of the great theatres of China - the National Centre for Performing Arts in
Beijing and the Shanghai Grand Theatre are two theatres that we’ve actually
performed in before, and it’s wonderful to maintain that relationship.
These productions are both very big and
lavish productions, so I think they will reflect well on the quality of work
that we do here in Australia. And we have great relationships with our
counterparts in China. The National Ballet of China and the Shanghai Ballet are
both companies that we’ve worked with very closely and actually we have,
arriving, a group from the Beijing Academy. We have three dancers in our
company who trained through the Beijing Academy and also the Australian Ballet
So we’re thrilled to be welcoming them
this week as well. So the relationship, the ballet between Australia and China
is very strong. So we’re really looking forward to staging this production. And
especially out three Chinese dancers, who get to go home and perform. So we’re
The Australian Ballet is world class.
We’re immensely proud of them and it’s terrific that the world will get to see
them perform at their best. I’ll take your questions on the tour and the
Australian Ballet first, and then any other questions.
Minister, how important is this in
establishing apositive relationships between Australia and China in terms of
the whole soft diplomacy side of things?
Well cultural diplomacy is incredibly
important. We have great people to people relationships with China and one of
the important underpinnings of that is our cultural engagement with China and
The Australian Ballet has been at the forefront of that since they first toured
in 1980. And this is the Australia Ballet, with our support, doing what we’ve
done before and that is helping to further reinforce that cultural relationship
Minister, should Optus give the World
Cup games back to SBS?
No more questions about The Australian
Ballet or the tour? Thank you.
Should Optus give World Cup matches back
to SBS until it sorts out its IT issues and can actually broadcast?
The relationship between Optus and SBS
when it comes to the World Cup is a commercial one between those two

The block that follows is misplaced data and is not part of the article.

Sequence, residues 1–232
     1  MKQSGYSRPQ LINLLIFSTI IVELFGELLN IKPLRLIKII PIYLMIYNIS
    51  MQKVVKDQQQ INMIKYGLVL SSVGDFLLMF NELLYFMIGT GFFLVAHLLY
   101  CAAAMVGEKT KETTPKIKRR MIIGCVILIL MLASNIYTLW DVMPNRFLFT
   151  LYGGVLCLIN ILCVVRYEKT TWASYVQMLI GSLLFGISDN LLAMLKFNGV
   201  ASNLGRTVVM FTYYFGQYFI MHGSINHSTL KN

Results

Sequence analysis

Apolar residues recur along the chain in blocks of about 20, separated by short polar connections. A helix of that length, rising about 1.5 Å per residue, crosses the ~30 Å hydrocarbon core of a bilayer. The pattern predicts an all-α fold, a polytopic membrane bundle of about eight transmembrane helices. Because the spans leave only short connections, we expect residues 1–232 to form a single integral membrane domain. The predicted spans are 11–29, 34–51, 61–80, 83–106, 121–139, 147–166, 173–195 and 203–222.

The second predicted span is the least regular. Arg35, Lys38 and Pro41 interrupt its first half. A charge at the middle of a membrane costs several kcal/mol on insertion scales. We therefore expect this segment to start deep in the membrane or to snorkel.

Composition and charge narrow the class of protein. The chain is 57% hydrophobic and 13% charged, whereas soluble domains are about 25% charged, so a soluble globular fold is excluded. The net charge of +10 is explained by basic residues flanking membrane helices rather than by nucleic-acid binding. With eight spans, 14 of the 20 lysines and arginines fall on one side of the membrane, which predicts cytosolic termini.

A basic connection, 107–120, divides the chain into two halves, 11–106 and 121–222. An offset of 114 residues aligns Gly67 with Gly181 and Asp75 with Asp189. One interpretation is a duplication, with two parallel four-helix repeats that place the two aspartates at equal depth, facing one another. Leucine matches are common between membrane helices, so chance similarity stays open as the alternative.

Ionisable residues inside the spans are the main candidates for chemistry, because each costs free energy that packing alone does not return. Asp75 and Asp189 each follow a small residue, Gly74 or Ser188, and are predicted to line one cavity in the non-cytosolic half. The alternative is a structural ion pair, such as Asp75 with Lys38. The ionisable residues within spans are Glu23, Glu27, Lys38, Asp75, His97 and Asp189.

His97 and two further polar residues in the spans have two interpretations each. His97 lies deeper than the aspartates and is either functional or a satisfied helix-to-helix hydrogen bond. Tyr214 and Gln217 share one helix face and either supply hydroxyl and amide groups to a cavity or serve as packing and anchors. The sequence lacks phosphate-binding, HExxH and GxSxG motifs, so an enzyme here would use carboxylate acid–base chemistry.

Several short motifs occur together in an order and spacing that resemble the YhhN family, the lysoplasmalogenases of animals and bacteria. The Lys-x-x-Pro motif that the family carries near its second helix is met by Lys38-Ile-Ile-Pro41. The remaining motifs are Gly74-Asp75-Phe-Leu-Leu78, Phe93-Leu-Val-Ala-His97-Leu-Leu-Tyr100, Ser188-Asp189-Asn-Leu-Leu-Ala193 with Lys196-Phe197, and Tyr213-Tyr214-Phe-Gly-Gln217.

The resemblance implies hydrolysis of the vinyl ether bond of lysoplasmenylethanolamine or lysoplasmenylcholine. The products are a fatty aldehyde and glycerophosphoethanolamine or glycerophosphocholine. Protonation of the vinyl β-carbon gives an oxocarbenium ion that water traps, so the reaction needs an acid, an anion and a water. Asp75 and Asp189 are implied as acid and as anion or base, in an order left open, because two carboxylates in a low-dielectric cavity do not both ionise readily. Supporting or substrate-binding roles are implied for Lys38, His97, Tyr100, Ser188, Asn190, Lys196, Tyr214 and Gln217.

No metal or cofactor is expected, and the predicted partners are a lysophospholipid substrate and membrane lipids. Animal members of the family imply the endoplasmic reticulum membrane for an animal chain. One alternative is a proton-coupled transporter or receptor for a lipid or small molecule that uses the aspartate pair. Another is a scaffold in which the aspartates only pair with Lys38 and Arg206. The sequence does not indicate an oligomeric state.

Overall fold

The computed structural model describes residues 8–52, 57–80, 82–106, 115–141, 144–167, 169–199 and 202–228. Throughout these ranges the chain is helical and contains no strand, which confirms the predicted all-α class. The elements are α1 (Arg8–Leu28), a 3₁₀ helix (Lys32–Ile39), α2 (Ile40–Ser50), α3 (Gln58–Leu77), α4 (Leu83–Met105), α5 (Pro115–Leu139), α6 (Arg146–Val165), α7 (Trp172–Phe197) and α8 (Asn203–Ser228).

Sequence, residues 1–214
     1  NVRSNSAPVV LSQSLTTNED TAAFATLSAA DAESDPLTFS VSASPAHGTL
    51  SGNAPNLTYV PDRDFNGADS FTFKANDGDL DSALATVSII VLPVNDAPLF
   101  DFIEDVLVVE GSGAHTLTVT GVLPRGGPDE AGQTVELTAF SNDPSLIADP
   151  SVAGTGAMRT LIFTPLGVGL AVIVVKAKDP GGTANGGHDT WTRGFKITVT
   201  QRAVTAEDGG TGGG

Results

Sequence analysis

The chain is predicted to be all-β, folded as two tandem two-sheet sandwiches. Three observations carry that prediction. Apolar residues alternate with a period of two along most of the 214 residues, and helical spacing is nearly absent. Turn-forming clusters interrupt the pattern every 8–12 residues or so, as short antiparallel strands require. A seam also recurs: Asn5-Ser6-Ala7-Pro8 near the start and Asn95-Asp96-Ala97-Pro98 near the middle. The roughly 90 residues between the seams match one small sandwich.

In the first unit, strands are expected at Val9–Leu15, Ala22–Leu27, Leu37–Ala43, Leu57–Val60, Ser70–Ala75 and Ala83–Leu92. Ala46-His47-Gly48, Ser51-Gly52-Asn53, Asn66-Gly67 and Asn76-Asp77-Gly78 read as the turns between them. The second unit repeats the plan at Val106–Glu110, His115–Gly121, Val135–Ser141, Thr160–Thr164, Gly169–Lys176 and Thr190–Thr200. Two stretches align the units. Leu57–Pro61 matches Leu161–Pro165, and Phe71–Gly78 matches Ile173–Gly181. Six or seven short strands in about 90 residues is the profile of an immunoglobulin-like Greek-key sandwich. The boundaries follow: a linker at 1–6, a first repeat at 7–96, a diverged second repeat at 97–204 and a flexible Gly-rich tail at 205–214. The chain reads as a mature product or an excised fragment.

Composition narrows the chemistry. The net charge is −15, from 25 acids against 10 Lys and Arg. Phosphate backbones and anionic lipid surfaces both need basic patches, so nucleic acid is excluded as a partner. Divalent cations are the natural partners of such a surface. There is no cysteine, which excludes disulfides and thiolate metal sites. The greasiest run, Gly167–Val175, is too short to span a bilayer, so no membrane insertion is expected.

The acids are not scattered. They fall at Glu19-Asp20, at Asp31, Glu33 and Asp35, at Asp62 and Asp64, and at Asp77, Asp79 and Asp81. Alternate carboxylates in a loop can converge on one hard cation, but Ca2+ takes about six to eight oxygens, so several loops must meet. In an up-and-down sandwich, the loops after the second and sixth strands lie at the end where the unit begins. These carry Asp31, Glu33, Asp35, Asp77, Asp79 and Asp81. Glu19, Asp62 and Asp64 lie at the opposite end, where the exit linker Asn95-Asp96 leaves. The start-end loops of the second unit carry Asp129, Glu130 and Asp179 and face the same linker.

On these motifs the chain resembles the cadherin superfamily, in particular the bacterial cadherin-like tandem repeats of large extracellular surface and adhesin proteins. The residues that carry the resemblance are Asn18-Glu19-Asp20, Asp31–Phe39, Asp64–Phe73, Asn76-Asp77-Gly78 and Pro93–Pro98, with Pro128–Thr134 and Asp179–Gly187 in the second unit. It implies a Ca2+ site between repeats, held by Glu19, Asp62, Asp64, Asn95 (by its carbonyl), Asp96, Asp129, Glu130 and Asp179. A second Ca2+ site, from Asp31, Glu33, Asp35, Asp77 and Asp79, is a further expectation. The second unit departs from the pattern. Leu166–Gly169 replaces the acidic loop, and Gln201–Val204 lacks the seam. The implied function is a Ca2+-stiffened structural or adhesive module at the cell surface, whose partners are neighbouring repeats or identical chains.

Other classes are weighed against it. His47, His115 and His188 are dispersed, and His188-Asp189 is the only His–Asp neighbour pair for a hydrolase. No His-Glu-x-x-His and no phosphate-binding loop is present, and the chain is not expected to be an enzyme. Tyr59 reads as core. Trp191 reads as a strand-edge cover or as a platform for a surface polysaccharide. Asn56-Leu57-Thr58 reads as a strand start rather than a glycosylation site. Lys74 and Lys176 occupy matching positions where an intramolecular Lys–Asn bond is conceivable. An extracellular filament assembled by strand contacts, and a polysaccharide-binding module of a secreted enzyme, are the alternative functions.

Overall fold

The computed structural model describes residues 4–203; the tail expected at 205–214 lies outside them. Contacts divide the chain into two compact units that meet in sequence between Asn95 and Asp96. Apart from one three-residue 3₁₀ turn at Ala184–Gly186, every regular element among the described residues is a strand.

organisations. We do have Socceroo matches and the final of the World Cup on
the anti-syphoning list, so those events will be free-to-air on SBS.
Is it good enough though that every
other match is seemingly at the whim of Optus’ failing IT systems? Is that good
enough for Australian World Cup fans?
I think the really important thing is,
that the World Cup final and those matches involving the Socceroos are on
free-to-air and will be available through SBS. It’s for Optus to talk to their
platform and how they will fix that to ensure that people can view the other
But as Communications Minister, Mr Fifield,
what’s it say in 2018 that Optus customers that believed they had the promise
of the World Cup on their digital devices, and frankly it’s been an abject
failure? You must be concerned about that as minister?
Well all platforms have the obligation
to deliver to consumers the product that consumers purchase. So the onus is
absolutely on Optus to deliver to consumers, to their customers, that which
they have undertaken to deliver.
Sports fans must be unhappy they are now
paying for the Big Bash, for cricket, and now they pay and they still can’t get
the World Cup?
Well, as I say, it’s for the platforms
who have the rights to certain events to deliver those as they have undertaken
to do so for their customers.
Should the rights be taken away?
Well the purchase of rights from
sporting organisations is a matter between those sporting organisations and the
platforms that purchased those rights.
Are you disappointed though? Are you a
I’m an AFL man, it’s fair to say, but
look, I can absolutely understand those who are passionate about the world
game, can see what they want to see when they want to see it.
Minister, you removed all World Cup
matches apart from Socceroos’ games and the final from the anti-syphoning list
last year, do you take any responsibility for this failure?
The trimming of the anti-syphoning list
occurred after these arrangements were entered into. So the division of matches